Another trend appears to emerging related to the way CPA firms are structuring themselves as they adjust to their rapidly changing environment and also work to position themselves as more than tax and accounting houses to their clients.
Some large regional firms are moving toward a holding company structure. The latest is the Pittsburgh-based firm formerly known as Schneider Downs & Co. The $26.7 million firm has reorganized itself into five separate divisions that will all operate under the umbrella Schneider Downs Holdings LLC.
Fellow regional giant Indianapolis-based Crowe Chizek made a similar move last year, when it formed a holding company, Crowe Group LLP, to house its accounting and consulting practice, Crowe Chizek & Co. LLC, along with its investment banking arm and its financial advisory services entity, as subsidiaries. That move, like Schneider Downs', was also accompanied by a new brand identity program. And Cleveland-based SS&G Financial Services, formerly Saltz Shamis & Goldfarb, has operated under a similar structure for years.
By establishing the holding company as a single parent company with multiple entities, in addition to separation among those entities, the firm gains flexibility. Specifically, the firm has the flexibility to facilitate nontraditional ownership by naming non-CPAs as shareholders of the different entities, according to Raymond W. Buehler Jr.
Under the new structure, Buehler, formerly the president of Schneider Downs & Co., is now chief executive of Schneider Downs Holdings LLC, as well the president of Schneider Downs National Inc., the practice that encompasses all of the firm's traditional accounting, tax and technology practice that comes from outside of Pennsylvania. The unit that encompasses the in-state piece of the same areas, Schneider Downs Pennsylvania Inc., is being headed up by Gennaro DiBello. The other entities are Creative Financial Staffing of Pittsburgh LP, led by Brian O'Brien, and Schneider Downs Corporate Finance LP and Schneider Downs Wealth Mgmt LP, both led by Don Linzer.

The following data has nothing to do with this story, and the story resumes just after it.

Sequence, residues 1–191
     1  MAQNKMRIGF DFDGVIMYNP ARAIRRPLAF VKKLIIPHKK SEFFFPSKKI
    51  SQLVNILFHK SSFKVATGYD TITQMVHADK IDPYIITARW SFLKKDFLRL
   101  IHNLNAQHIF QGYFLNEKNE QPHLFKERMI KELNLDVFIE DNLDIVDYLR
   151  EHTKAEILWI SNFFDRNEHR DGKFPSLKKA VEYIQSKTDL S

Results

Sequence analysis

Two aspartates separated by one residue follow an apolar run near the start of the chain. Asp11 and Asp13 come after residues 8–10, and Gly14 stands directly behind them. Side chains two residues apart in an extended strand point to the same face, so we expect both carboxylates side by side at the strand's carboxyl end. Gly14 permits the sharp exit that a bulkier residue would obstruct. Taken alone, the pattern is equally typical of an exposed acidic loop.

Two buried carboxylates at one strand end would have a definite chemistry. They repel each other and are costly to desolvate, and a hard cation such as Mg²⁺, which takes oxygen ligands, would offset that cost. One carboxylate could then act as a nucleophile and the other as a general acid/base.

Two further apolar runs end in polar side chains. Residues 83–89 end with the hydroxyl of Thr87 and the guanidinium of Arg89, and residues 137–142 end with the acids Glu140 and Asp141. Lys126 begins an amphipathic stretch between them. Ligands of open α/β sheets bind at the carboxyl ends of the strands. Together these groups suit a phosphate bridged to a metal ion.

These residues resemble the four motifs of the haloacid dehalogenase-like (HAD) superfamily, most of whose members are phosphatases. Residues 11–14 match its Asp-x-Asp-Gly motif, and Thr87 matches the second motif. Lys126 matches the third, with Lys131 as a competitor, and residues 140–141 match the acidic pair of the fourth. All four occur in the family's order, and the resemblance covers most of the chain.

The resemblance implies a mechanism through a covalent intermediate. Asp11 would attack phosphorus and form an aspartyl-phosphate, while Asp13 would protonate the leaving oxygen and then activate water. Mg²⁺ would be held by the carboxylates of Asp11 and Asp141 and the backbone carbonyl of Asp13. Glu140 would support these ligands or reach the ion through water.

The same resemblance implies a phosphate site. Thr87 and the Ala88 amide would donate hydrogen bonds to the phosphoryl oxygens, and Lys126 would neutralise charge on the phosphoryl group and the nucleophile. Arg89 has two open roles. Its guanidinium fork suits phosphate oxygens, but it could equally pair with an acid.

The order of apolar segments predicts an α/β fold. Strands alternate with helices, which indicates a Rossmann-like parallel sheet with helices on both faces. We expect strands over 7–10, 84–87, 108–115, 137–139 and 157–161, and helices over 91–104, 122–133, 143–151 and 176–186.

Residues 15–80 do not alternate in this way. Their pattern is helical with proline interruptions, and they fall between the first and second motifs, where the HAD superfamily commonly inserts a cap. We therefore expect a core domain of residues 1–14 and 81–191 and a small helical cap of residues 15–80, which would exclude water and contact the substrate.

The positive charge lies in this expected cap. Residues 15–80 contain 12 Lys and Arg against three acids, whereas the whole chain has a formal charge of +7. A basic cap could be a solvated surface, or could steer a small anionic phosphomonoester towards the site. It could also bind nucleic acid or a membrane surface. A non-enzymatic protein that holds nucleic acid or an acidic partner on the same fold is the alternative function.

Buehler said the move had little to do with Sarbanes-Oxley. Rather, he said, the firm had external and internal reasons for wanting to re-brand. With everybody operating just as Schneider Downs, as the firm continued to diversify, he said, there was external and internal confusion about what products the firm delivered.
The restructuring came out of the firm's strategic planning initiative, which Buehler admitted was accelerated by the changes in the profession. He also noted that the strategic planning process highlighted a couple of things. It reinforced that the branding process -- both external and internal -- is important. It also highlighted structural issues that the firm had in trying to develop its own leaders among its shareholder and manager ranks.
By slotting its services into those five groups, Buehler said, "We defined to the market that we do all of these things, but we're still Schneider Downs." Internally, he said, the move gave internal definition to the firm's staff as to what their primary responsibilities are, while also making sure they -- and their clients -- are aware of those other areas.
"I'm convinced we're better situated for the growth that we expect to come to us. It's given us focus and put our people in positions of empowerment."
Whatever the reasons, those sounds like good results to me.
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